Voyager

Author: P Hana

Page 138

   

“See—Caicos Passage,” she said, sketching a pair of lines. At the top, between the lines, she sketched the small triangle of a sail. “Go through,” she said, indicating the Caicos Passage, “but mast is gone. Now—” She quickly drew several irregular circles, to the right of the passage. “North Caicos, South Caicos, Caicos, Grand Turk,” she said, stabbing a finger at each circle in turn. Go round now—reefs. Mouchoir.” And she drew another pair of lines, indicating a passage to the southeast of Grand Turk Island.

“Mouchoir Passage?” I had heard the sailors mention it, but had no idea how it applied to my potential escape from the Porpoise.

Annekje nodded, beaming, then drew a long, wavy line, some way below her previous illustrations. She pointed at it proudly. “Hispaniola. St. Domingue. Big island, is there towns, lots ships.”

I raised my eyebrows, still baffled. She sighed, seeing that I didn’t understand. She thought a moment, then stood up, dusting her heavy thighs. We had been gathering whelks from the rocks in a shallow pan. She seized this, dumped out the whelks, and filled it with seawater. Then, laying it on the sand, she motioned to me to watch.

She stirred the water carefully, in a circular motion, then lifted her finger out, stained dark with the purple blood of the whelks. The water continued to move, swirling past the tin sides.

Annekje pulled a thread from the raveling hem of her skirt, bit off a short piece, and spat it into the water. It floated, following the swirl of the water in lazy circles round the pan.

“You,” she said, pointing at it. “Vater move you.” She pointed back to her drawing in the sand. A new triangle, in the Mouchoir Passage. A line, curving from the tiny sail down to the left, indicating the ship’s course. And now, the blue thread representing me, rescued from its immersion. She placed it by the tiny sail representing the Porpoise, then dragged it off, down the Passage toward the coast of Hispaniola.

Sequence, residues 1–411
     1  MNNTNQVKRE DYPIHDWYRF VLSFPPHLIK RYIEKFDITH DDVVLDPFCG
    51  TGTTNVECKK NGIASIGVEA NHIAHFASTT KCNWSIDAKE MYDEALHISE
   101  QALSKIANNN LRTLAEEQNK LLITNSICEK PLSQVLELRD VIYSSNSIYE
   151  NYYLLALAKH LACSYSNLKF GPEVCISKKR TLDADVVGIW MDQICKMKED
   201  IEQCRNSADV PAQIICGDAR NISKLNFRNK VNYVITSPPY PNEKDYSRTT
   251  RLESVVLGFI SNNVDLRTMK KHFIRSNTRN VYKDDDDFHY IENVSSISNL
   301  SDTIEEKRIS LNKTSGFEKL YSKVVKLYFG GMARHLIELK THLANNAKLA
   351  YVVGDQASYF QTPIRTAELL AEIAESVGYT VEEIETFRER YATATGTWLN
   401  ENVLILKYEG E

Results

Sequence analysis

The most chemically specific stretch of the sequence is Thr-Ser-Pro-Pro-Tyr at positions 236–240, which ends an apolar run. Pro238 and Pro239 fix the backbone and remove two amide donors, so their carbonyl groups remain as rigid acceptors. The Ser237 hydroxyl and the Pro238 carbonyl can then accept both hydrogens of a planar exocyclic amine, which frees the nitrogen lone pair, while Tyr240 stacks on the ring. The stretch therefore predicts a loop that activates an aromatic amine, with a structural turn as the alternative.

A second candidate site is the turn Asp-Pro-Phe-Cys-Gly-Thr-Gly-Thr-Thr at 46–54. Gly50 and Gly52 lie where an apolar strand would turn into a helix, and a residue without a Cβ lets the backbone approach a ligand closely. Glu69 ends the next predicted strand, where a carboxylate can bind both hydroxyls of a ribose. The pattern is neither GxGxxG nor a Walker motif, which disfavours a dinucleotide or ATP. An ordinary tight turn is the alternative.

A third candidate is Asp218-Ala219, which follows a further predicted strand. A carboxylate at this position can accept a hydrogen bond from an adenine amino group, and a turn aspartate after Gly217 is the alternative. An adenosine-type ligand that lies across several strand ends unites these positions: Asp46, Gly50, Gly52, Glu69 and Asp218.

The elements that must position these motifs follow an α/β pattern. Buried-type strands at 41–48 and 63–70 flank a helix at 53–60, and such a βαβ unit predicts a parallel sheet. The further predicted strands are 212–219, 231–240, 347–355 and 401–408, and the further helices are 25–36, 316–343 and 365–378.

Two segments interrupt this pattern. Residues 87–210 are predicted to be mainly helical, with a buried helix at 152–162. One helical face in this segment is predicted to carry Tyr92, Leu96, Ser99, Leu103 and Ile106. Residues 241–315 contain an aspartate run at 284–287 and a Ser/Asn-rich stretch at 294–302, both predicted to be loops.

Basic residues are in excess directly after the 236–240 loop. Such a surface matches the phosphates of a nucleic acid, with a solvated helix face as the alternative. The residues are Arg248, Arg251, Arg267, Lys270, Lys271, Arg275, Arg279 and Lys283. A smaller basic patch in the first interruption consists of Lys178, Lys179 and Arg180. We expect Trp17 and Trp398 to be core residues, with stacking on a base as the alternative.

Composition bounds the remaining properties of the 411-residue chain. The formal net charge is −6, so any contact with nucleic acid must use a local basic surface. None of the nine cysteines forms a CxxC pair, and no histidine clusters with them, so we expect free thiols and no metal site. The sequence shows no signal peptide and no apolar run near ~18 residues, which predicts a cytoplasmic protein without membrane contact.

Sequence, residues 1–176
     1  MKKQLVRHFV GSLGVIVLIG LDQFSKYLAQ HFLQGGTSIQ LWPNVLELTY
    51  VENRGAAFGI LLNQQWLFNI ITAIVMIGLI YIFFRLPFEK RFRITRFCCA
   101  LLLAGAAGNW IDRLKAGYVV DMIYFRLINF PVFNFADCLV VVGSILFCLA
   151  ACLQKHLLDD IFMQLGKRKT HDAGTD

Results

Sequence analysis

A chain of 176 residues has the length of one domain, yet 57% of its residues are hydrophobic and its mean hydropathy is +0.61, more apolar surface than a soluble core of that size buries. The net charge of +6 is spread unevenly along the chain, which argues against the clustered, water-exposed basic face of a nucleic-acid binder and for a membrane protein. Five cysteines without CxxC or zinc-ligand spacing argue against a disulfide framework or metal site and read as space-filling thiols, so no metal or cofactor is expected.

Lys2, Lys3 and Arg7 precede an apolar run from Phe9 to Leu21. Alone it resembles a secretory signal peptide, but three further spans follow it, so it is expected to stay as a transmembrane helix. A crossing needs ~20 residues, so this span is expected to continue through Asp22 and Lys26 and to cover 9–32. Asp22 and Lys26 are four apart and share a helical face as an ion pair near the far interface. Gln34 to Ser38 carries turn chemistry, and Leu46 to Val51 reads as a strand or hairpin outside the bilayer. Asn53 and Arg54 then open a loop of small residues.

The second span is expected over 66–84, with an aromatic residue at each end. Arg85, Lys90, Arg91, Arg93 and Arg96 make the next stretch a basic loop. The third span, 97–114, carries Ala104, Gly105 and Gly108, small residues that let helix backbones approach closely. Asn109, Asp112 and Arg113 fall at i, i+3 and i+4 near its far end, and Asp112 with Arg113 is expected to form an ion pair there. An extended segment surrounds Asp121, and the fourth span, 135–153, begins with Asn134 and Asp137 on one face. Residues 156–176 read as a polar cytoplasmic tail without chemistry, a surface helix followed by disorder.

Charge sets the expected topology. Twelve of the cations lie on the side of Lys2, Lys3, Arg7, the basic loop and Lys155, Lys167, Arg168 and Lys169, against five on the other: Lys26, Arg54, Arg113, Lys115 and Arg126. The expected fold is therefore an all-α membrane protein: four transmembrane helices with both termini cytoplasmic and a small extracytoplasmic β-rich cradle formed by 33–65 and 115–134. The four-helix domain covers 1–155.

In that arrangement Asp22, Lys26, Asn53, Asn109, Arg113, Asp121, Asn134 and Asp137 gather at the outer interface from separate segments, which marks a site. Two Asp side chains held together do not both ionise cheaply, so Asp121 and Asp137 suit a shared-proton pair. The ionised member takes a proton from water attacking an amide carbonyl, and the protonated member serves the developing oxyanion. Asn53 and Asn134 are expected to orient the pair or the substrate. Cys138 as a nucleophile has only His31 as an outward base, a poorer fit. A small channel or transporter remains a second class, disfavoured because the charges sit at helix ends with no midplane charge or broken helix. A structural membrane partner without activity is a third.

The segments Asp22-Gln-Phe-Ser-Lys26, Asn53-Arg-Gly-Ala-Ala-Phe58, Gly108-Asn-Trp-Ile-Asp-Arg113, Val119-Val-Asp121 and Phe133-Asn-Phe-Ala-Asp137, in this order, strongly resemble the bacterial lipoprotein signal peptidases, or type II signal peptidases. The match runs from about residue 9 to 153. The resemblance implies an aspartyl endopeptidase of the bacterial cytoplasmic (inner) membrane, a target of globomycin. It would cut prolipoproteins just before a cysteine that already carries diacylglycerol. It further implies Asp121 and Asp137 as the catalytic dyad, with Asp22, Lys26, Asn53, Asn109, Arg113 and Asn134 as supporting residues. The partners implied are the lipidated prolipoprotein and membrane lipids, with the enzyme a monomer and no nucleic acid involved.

“Jump,” she said simply.

“You’re crazy!” I said in horror.

She chuckled in deep satisfaction at my understanding. “Ja,” she said. “But it vork. Vater move you.” She pointed to the end of the Mouchoir Passage, to the coast of Hispaniola, and stirred the water in the pan once more. We stood side by side, watching the ripples of her manufactured current die away.

Annekje glanced thoughtfully sideways at me. “You try not drown, ja?”

I took a deep breath and brushed the hair out of my eyes.

“Ja,” I said. “I’ll try.”

50

I MEET A PRIEST

The sea was remarkably warm, as seas go, and like a warm bath as compared to the icy surf off Scotland. On the other hand, it was extremely wet. After two or three hours of immersion, my feet were numb and my fingers chilled where they gripped the ropes of my makeshift life preserver, made of two empty casks.

The gunner’s wife was as good as her word, though. The long, dim shape I had glimpsed from the Porpoise grew steadily nearer, its low hills dark as black velvet against a silver sky. Hispaniola—Haiti.

I had no way of telling time, and yet two months on shipboard, with its constant bells and watch-changes, had given me a rough feeling for the passage of the night hours. I thought it must have been near midnight when I left the Porpoise; now it was likely near 4:00 A.M., and still over a mile to the shore. Ocean currents are strong, but they take their time.

Worn out from work and worry, I twisted the rope awkwardly about one wrist to prevent my slipping out of the harness, laid my forehead on one cask, and drifted off to sleep with the scent of rum strong in my nostrils.

The brush of something solid beneath my feet woke me to an opal dawn, the sea and sky both glowing with the colors found inside a shell. With my feet planted in cold sand, I could feel the strength of the current flowing past me, tugging on the casks. I disentangled myself from the rope harness and with considerable relief, let the unwieldy things go bobbing toward the shore.